There’s more than meets the eye to this recent ruling by a federal judge that a police body-cam video in Las Vegas is, indeed, a public record.
(Thanks to Vanessa Spinazola at ACLU for bringing this ruling to my attention.)
First, it’s good news to open-government advocates that the judge recognized the value of keeping the video visible. More accurately, I think, the judge recognized the potential damage of allowing it to be kept secret.
As I’ve written before, a group of lobbyists had been working with state Sen. Aaron Ford on a bill mandating body cameras for police officers in Nevada, and access to those videos clearly was an issue. Vanessa was part of that group.
As the bill reads now, the videos are clearly a public record. Confidential information, as defined in statute, can be redacted. If it can’t be redacted, then the video may be viewed but not copied.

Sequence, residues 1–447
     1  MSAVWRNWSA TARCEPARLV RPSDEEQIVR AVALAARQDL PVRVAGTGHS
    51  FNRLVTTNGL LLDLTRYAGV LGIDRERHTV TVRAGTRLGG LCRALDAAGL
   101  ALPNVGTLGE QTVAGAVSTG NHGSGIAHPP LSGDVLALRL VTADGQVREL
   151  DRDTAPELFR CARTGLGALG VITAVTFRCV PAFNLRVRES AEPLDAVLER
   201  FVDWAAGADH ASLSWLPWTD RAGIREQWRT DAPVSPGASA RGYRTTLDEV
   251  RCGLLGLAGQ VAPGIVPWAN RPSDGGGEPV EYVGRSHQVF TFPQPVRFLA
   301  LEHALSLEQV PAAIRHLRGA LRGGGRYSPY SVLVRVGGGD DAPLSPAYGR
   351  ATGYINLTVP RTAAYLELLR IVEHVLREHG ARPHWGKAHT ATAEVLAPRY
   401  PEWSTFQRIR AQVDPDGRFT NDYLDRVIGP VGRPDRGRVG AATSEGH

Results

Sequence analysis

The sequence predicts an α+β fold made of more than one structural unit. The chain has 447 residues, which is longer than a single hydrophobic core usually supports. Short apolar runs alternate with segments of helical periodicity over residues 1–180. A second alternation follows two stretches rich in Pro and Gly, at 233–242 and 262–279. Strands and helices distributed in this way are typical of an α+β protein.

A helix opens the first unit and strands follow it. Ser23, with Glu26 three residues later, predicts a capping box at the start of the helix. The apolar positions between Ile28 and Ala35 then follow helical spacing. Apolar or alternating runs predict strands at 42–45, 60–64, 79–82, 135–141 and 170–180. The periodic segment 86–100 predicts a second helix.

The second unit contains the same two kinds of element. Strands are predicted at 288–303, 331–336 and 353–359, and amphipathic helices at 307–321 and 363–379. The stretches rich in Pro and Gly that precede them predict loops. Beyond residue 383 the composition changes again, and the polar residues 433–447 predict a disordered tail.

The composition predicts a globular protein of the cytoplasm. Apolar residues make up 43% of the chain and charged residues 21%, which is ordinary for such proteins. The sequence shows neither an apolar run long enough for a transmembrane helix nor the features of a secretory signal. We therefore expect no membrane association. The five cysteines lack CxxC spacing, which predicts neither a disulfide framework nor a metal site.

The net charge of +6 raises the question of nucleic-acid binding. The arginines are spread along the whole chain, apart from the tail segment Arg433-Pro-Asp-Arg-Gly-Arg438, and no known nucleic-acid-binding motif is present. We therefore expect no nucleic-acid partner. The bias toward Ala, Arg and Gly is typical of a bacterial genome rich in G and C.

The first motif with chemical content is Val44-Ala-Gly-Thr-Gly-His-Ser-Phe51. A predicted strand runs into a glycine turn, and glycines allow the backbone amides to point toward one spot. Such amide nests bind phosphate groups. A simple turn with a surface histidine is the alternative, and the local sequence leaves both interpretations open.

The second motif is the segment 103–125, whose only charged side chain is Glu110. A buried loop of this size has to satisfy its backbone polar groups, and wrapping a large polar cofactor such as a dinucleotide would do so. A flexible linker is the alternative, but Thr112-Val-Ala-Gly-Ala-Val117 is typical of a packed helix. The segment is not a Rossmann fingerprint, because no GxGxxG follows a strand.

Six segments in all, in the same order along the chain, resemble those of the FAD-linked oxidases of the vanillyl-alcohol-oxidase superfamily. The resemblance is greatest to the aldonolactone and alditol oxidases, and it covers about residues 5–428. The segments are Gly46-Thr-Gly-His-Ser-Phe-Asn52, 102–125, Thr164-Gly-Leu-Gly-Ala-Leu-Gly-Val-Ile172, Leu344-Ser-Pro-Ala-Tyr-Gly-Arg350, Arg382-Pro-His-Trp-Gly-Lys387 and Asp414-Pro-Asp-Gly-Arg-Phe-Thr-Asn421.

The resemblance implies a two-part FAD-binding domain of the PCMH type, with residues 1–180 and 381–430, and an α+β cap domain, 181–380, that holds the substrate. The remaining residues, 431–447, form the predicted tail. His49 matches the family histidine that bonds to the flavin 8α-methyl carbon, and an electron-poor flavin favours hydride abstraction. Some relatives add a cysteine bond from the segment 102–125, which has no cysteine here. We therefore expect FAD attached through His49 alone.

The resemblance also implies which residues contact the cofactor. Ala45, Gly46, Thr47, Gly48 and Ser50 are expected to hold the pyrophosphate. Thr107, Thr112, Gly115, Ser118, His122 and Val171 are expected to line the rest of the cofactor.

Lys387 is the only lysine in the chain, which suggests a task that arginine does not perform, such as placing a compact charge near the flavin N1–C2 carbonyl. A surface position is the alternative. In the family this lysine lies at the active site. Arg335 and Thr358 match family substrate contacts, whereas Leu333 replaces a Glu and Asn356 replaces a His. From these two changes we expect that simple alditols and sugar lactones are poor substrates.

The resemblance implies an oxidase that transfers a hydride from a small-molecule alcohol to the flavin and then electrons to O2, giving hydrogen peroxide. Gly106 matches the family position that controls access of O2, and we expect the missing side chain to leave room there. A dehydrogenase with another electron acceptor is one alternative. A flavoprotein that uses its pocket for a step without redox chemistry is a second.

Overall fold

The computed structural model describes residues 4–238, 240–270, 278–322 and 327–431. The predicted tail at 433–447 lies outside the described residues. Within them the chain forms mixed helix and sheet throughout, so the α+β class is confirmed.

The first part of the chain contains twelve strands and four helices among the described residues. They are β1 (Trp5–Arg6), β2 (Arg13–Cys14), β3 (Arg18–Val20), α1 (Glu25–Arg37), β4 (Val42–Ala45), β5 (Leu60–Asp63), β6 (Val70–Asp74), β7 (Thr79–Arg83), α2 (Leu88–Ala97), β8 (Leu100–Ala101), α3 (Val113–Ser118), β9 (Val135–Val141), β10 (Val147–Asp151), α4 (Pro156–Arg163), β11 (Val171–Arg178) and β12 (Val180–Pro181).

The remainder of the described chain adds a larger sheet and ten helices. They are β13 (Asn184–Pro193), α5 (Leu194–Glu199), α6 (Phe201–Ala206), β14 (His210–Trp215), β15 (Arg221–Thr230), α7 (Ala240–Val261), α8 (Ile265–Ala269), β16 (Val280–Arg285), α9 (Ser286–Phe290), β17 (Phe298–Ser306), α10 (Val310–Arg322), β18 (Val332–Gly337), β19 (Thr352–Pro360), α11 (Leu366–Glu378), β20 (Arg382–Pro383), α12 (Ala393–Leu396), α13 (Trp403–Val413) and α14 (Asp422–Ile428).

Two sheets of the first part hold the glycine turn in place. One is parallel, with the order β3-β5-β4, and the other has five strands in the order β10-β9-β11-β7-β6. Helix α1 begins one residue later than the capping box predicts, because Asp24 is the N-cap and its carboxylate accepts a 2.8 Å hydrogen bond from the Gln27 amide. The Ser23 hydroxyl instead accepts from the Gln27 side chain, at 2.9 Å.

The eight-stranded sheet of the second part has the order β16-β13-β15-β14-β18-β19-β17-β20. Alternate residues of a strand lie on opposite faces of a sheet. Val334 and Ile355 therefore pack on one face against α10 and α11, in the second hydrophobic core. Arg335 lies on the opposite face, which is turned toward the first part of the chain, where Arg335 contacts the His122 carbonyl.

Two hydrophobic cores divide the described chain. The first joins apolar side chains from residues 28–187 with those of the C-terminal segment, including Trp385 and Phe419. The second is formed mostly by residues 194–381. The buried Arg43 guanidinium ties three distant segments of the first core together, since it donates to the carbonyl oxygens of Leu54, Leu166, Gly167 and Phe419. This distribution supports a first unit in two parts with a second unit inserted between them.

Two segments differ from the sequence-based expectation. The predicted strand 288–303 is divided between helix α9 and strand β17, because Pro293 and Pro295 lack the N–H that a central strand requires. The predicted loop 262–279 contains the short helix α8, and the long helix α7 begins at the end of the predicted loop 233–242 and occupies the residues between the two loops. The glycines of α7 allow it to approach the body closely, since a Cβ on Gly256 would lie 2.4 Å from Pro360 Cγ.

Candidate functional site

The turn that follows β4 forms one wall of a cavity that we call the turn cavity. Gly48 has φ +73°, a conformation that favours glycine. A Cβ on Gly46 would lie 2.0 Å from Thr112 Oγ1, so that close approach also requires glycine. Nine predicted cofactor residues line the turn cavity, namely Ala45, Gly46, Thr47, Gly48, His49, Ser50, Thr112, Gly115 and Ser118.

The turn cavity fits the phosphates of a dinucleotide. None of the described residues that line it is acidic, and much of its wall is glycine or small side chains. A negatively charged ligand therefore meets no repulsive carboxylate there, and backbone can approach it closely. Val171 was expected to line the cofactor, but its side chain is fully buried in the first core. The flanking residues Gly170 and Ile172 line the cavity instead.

The second interesting part of the federal case is that Metro was arguing against release of the video — because Metro’s own policies say they can’t release a photo of an officer under state law, NRS 289.025.
But that’s not what NRS 289.025 is about — as the judge correctly inferred.
Go to the legislative history of the adoption of that section of statute, and you will see it was clearly described as involving an internal investigation of a police officer.